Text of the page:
After a decade of seeing games and other entertainment products being put together, I’ve noticed a trend that the development teams that don’t settle for the low-hanging fruit, and the game directors that influence people to come up with “better”, tend to be the ones to produce the great games that make a lasting impact. (while having a stern producer to prevent them from flying off the rails)
Chris DeLeon over at HobbyGameDev has put some good advice on getting to good ideas.
His advice on writing down ideas, not hording secrets, and trying out ideas is exactly what those teams and directors do to get past the first things that jump into their heads. Always assume that the first solution that pops into your head is the same solution that will pop into everyone’s head. There’s also another side to getting to the good ideas, and that’s being able to switch back and forth between a creative mind and a working mind.
If you’ve never seen John Cleese on the matter, his lecture is worth the view.
Creativity isn’t a talent; it’s a way of operating. And you need to find a way to separate your rational, worrying mind from your playful one that doesn’t care if the world is falling apart because it has spotted something neat. This is a point I’ve brushed on in the live game development show and in some past posts, but it’s absolutely critical to find a method to separate those two mindsets. As John Cleese puts it: the open mind, and the closed mind.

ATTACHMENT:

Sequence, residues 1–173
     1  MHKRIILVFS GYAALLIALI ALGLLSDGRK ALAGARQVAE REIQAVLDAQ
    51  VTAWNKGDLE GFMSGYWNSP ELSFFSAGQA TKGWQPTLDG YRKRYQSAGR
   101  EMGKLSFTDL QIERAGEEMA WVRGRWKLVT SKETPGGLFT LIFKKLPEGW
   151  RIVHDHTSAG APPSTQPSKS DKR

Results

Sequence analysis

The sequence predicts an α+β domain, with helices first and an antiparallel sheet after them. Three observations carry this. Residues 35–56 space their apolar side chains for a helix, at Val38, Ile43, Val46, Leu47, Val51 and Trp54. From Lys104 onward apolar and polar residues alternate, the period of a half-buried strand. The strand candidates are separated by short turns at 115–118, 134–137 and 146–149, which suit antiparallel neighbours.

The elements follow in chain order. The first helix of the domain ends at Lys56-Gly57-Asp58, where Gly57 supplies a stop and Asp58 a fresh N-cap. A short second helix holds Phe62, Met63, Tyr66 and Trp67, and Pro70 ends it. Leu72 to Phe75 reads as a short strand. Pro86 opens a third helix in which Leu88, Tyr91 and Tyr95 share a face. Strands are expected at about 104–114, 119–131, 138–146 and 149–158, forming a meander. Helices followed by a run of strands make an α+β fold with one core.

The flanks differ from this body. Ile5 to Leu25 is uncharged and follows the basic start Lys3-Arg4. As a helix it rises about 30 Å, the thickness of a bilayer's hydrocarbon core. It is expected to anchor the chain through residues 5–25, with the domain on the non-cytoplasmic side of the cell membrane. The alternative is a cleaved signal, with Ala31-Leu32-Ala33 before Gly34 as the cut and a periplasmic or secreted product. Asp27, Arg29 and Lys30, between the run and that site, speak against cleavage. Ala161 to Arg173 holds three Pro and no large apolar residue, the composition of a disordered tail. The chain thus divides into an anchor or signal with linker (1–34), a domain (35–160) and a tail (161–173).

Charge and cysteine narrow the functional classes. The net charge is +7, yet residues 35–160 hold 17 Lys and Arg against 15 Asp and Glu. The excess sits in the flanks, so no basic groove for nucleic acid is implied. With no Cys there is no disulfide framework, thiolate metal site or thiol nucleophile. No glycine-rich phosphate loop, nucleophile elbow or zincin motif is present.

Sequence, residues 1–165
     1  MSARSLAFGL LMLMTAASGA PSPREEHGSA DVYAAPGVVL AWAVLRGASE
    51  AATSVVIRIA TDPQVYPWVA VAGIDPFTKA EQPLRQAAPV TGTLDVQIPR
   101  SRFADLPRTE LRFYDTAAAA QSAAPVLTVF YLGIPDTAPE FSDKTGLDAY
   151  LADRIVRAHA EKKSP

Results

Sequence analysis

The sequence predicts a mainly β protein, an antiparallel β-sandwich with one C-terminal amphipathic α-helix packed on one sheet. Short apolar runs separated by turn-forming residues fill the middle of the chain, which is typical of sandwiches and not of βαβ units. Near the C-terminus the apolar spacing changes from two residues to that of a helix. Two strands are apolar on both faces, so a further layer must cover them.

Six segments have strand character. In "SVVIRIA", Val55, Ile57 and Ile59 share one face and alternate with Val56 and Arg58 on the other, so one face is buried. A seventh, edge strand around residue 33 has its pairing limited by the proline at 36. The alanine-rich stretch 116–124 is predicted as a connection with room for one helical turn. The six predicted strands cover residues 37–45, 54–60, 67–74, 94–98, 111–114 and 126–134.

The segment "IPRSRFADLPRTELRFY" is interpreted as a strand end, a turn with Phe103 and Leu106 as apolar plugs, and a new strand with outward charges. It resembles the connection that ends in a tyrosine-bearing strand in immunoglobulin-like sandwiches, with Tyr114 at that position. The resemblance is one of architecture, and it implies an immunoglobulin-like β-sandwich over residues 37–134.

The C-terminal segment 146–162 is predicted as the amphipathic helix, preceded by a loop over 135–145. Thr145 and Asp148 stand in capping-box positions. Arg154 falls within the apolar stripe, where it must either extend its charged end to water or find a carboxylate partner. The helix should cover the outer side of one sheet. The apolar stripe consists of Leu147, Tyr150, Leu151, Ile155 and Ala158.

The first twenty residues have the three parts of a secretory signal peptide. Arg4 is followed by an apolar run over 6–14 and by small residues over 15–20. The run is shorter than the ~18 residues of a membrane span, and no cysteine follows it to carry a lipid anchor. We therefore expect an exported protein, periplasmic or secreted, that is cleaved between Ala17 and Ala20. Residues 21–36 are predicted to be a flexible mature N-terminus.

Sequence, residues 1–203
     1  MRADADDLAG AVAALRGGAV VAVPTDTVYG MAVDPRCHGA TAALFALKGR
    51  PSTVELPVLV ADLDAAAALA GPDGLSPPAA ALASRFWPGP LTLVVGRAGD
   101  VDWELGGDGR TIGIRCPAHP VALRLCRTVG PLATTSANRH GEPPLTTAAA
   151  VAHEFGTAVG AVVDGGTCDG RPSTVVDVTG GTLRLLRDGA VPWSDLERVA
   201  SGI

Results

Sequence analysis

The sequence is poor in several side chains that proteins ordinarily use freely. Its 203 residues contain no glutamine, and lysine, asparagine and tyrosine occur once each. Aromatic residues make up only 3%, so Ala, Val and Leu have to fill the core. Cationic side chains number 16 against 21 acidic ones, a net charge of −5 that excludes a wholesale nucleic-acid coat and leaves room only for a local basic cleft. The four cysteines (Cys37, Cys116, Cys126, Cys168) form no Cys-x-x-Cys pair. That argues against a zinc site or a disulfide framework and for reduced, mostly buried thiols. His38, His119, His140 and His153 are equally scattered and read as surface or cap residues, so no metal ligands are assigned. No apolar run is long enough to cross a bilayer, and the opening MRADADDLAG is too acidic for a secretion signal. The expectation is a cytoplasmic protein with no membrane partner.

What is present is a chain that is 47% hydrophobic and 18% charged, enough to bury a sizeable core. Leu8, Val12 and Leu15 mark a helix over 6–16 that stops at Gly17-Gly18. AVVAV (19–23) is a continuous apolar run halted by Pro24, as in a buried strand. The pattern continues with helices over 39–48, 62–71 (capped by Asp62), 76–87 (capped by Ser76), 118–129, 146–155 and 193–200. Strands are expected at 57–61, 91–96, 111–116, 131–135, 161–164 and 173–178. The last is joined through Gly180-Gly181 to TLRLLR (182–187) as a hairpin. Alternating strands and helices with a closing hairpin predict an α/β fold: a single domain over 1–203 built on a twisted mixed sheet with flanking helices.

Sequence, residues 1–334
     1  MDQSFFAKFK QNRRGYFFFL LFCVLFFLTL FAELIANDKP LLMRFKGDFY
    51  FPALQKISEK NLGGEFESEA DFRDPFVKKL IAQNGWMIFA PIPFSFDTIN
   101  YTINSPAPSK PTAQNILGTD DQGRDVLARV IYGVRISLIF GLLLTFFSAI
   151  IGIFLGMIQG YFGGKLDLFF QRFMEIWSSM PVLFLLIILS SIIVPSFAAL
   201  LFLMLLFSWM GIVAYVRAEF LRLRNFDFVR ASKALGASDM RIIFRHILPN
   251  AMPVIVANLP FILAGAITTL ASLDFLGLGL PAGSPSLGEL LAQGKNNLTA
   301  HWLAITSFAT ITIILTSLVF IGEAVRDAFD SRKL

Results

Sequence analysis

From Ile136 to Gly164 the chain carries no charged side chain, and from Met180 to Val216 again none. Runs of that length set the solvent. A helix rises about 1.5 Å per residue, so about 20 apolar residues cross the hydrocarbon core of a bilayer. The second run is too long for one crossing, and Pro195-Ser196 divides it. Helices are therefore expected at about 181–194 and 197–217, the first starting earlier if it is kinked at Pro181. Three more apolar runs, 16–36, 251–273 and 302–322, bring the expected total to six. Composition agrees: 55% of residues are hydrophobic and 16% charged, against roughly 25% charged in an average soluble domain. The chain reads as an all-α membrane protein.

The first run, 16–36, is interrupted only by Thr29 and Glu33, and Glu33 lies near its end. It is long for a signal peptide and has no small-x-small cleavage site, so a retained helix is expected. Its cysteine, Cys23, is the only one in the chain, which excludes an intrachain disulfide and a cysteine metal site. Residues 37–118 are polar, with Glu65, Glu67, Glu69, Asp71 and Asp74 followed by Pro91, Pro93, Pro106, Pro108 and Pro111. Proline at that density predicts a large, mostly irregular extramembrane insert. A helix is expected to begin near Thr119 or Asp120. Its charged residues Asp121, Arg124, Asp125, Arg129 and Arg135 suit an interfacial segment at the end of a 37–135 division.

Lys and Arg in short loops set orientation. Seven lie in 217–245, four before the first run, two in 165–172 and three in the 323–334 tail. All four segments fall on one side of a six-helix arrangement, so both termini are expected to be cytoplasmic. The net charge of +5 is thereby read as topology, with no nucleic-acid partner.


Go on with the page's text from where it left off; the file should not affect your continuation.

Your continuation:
The method is going to vary from person to person and it’s going to depend on your environment. If you had all the money in the world to throw at it, the easiest way would be to have two offices: one, your working room, the one with your computer, the one with all of your to-do lists and tasks to be done; the other, your playroom, the one with all of the irrelevant pictures, books, toys, sheets of note and drawing paper, and a pen. However, if you’re like me, and most people, you don’ t have the luxury of setting up two rooms. So, if you can’t separate those two mindsets by space, you have to separate them by time.
You have to dedicate a certain day or days of the week, or a certain time period where you absolutely refuse to work or do anything productive. A chunk of about two hours. And at first, it’s going to be hard. Your mind remembers that giant list of things you still have to do! When you first see those sheets of blank paper, you won’t know what to put on them. But don’t worry. Even if you spend the chunk of scheduled time doing nothing but staring at the walls, it’s training. That block of time is training your mind to let go of the “important stuff” and eventually, once your mind feels safe letting go, it’ll open up, ideas will start to flow in, and the ideas you have will be less derivative, more creative.
This is one spot where that Agile-style to-do list comes in handy. If you decide ahead of time exactly how many hours you devote to your closed mind-the one that gets things done, then you can devote the rest of your time to “not getting things done”. If you have to, make a task for yourself “not to get things done” and play. Just play. See where your mind takes you, and protect that block of time no matter what. Make sure your phone is off, make sure your internet is disconnected, make sure your family or coworkers leave you alone, make sure there is nothing that will distract you. Your productive mind will fight you, because it knows that nothing is being done during that time, but creativity is what changes the world, so it should become your most important task.